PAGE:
The Basin States Parallel Program offers financial assistance of up to 75% to landowners in order to improve the efficiency of irrigation systems on their land in western Colorado. It is estimated that over 1,000,000 tons of salt were entering the Colorado River each year from designated salinity areas in Colorado prior to 1978. By implementing the program, rural landowners can help to reduce the amount of salt entering the Colorado River.
- Q: What is the Basin State Parallel Program?
A: The Colorado River Salinity Basin States Parallel Program has been administered in Colorado through the Colorado State Conservation Board (CSCB) since 1998. An agreement was signed between the CSCB in February of that year to deliver the program through local conservation districts in Colorado. The Western Slope office of the CSCB, located in Grand Junction, serves as the coordination point for Colorado's program participation. Ongoing agreements, renewed annually, are in place with five Conservation Districts to manage and deliver the program locally. Technical assistance is provided through the Natural Resources Conservation Service (NRCS) field offices and by employees hired by local Conservation Districts as part of the funding agreement between NRCS, CSCB, and the Bureau of Reclamation.
- Q: Who is Involved?
A: Five western Colorado Conservation Districts, located in Grand Junction, Delta, Montrose, Mancos, and Cortez; together with local NRCS staff provide technical assistance, support, and supervision for approved salinity projects.
- Q: How Has This Program Helped?
A: Since the beginning of the program in 1998, more than 100 projects have been completed with cost share funding of just under $3 million. In 2005, more than $3.4 million was paid to landowners in cost share dollars. Currently we have 172 active contracts among the 5 conservation districts.
- Q: What is the History Behind This Program?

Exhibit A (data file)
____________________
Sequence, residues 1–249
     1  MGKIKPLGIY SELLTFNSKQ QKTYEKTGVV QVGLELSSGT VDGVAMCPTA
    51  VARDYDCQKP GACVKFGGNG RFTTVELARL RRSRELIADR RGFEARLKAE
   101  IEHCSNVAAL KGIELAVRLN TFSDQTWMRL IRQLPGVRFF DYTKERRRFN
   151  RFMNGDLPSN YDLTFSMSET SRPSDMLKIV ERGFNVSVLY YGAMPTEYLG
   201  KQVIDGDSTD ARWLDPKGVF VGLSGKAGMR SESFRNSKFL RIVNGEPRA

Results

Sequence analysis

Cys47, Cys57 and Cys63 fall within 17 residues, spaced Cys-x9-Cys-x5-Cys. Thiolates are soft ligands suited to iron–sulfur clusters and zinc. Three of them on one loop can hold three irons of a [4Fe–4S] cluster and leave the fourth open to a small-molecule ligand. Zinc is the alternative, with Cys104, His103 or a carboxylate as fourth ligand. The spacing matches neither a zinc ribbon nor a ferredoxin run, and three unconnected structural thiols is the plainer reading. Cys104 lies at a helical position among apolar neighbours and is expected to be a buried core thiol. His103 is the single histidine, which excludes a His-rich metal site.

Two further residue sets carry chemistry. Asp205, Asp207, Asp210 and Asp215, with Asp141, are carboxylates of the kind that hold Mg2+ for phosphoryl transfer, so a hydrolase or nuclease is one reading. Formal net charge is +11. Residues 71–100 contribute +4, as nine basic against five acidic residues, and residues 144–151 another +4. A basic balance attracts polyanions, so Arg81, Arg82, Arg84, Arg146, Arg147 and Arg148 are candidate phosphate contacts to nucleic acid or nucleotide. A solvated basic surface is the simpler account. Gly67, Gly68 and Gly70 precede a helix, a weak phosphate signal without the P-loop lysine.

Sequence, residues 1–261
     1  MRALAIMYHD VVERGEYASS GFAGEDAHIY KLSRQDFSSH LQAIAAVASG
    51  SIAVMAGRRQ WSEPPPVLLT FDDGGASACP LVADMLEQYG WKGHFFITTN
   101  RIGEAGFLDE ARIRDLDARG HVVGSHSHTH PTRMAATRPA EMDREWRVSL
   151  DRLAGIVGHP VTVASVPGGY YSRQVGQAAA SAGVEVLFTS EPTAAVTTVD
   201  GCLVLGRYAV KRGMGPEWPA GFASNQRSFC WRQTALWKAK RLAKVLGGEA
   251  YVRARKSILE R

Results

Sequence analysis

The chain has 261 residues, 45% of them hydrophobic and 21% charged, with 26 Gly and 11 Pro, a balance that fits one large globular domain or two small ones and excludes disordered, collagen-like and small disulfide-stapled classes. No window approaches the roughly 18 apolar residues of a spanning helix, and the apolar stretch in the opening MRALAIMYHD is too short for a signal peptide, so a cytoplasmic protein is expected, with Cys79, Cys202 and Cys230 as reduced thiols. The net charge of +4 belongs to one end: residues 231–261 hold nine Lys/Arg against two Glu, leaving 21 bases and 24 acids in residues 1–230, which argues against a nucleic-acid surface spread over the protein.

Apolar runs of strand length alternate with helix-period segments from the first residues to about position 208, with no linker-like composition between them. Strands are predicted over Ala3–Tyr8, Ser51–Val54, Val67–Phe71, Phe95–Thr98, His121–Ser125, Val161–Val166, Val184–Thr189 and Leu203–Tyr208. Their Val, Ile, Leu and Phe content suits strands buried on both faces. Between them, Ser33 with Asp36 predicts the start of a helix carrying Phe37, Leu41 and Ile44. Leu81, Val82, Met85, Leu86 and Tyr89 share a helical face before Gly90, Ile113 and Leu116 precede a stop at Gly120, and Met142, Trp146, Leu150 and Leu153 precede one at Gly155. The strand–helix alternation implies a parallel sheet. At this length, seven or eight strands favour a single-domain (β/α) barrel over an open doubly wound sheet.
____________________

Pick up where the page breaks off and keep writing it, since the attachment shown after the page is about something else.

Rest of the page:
A: The Colorado River drains 246,000 square miles (approximately 157 million acres) of the western United States and Mexico while providing water to some 7.5 million people within its own basin and supplies wholly or in part the water needs of an additional 25.4 million people outside the basin through trans-basin diversions.
The United States Government and the seven basin states have long recognized the importance of the river and its tributaries to the survival of the region. From the headwater states of Colorado, Utah, Wyoming, and New Mexico, to its terminus in the Gulf of California, the river's water increases in salinity.
It is estimated that the river carries an average salt load of nine million tons annually.
In 1972 the Clean Water Act mandated efforts to maintain water quality standards in the United States. During the same time Mexico and the United States were discussing the increasing salinity of the Colorado River and the economic and environmental impacts the added salinity was having on downstream users. In 1973 the seven Basin states formed the Colorado River Basin Salinity Control Forum and directed it to control salt contributions to the river from manmade sources as a condition for continued development of compact-apportioned water.
In 1998 an agreement was signed by the US Bureau of Reclamation and the Colorado River Basin Salinity Forum to provide funds to cost share with water users in the upper basin states of Colorado, Wyoming, and Utah that would parallel the federal USDA's efforts to reduce salt contributions to the river from irrigation.
For more information please contact your Local Conservation District Office.